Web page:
Sometimes developing and releasing a new application it’s just about good timing. You can’t be sure if your app will succeed and become a blockbuster because you can’t tell if time will be your friend, or your opponent. Most of all, you don’t know if your enemies will get in your way with something similar to what you’re developing at the same time. So yeah, sometimes it’s just about timing. But sometimes – most of the times, actually – having a really good application ready to be launched is what really matters. “Good applications always get noticed“, someone once said. Maybe he was right, maybe he was just too optimistic.
But what happens in the middle? What if you just launched a good application but timing was not so good? Even worse, what if your app gets noticed by less people than you expected?
Hell, let me talk about Syncopy.
Syncopy by Syncode (nice name, huh?) comes as an iPhone app and a Mac app. It basically lets you share your Mac clipboard across different Macs and let it flow to your iPhone as well. Simple and effective. The Mac app is a free download, while Syncopy for iPhone comes at $0.99 at the App Store [iTunes Link]. Once you’ve downloaded the Mac utility and created a free Syncopy account (you just need a valid email and a password), fire it up and you’ll notice that the app runs in the menubar waiting for you to copy stuff into your clipboard. By default, Syncopy for Mac doesn’t automatically get every item you copy, but – trust me – I highly recommend you to turn on the “Automatic Sync” which syncs everything to the cloud. It doesn’t require a lot of memory and it won’t suck all your bandwith. And you know, my internet connection is not that fast, so you can be sure about that.
While the Mac app is simple and works just fine, I wish there was more stuff you could do with it. For instance, there’s no support for QuickLook (a là Notify), no support for Images (much like Clipmenu or other clipboard utilities) and doesn’t let you edit stuff you’ve uploaded to the cloud. If the times are now online into my account, why can’t I edit them. I’m looking forward to future improvements and refinements, but this is about the whole service. Let’s focus on the iPhone app now.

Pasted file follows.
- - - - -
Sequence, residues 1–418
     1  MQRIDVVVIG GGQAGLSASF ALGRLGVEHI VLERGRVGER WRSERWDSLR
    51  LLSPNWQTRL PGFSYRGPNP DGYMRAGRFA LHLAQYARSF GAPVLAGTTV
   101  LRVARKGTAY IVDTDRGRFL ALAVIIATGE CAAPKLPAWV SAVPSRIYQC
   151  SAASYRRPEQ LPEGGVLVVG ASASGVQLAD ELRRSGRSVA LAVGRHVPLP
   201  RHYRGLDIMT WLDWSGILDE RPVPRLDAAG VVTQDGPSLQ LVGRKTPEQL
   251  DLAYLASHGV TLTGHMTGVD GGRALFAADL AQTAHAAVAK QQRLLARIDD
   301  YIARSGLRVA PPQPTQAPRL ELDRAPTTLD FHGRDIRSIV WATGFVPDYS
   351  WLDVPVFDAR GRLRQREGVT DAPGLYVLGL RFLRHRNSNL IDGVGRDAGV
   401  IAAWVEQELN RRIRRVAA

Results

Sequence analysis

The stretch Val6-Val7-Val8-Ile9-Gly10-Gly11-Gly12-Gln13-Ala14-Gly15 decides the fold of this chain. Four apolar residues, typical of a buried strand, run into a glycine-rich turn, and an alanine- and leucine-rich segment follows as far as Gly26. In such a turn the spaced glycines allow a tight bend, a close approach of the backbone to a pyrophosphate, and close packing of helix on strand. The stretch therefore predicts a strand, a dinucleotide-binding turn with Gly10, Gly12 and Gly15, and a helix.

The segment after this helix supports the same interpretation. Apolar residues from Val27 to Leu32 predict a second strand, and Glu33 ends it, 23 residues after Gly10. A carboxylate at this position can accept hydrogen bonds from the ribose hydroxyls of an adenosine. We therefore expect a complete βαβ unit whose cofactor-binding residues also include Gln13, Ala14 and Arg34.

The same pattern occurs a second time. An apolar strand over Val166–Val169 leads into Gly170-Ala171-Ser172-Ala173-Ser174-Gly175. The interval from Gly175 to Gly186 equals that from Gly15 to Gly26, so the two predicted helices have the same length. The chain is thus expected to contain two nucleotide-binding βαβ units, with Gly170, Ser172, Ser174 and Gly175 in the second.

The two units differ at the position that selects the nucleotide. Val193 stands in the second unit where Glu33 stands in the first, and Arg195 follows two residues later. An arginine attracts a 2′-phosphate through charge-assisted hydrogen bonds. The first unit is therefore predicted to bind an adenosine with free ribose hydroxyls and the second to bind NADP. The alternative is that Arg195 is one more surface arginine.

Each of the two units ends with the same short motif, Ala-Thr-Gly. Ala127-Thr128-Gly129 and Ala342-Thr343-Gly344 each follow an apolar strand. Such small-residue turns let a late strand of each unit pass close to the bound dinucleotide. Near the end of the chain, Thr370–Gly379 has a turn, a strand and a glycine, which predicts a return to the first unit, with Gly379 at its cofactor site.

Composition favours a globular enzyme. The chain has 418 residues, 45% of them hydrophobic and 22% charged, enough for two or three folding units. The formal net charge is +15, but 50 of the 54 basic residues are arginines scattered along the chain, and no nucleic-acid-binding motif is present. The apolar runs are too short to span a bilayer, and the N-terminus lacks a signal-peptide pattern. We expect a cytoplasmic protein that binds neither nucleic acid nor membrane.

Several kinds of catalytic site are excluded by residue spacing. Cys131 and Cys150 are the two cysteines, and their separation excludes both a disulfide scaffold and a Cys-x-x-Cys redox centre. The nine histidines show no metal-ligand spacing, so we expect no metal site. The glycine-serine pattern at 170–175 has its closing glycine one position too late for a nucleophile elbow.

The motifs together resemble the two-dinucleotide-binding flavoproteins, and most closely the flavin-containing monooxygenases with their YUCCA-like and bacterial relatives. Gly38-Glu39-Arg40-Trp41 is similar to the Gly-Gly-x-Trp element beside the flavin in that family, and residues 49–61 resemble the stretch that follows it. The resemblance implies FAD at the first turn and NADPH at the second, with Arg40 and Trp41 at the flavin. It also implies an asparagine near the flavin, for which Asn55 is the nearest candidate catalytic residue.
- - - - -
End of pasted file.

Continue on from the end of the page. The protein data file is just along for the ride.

As you can guess, the developers couldn’t build a background-running app due to the SDK limitations, but I’m still wondering why they don’t go releasing specific Cydia tweaks for them. It should deserve an in-depth post, but – seriously – setting up a repo it’s free and doesn’t require that much of knowledge. Moreover, it could be the perfect way to make people buy the app from the App Store, if it can be extended with Cydia. Anyway, the application is very starightforward and once you tap copy from server it takes a second to sync the “clouded clipboard”.
The great thing about it is History: you can retrieve every item you previously copied into the clipboard by just tapping the History button and “More”. You can view the date and time that text was copied, view and copy it again and delete it by swiping over it and hitting Delete. That’s it.
I started this review saying that sometimes it’s all about timing. Syncode saw the light a few days after King Pastebot III ascended the throne, and it wasn’t so great for marketing. I’d like to state anyway that Syncode is way different from Pastebot when it comes to clipboard sharing: while Pastebot requires both the devices (Mac and iPhone) to be on the same network using Bonjour technology, Syncode works using the cloud, so you just need to enter the same account ID. If you’re really serious about clipboard sharing and syncing Syncode is more reliable and useful than Pastebot, though you could argue about Pastebot’s having more features and an even sexier interface.
Truth is, Syncode isn’t a full featured clipboard manager, it’s a utility that syncs your desktop and mobile clipboard using the internet. And at $0.99, that’s enough for me.
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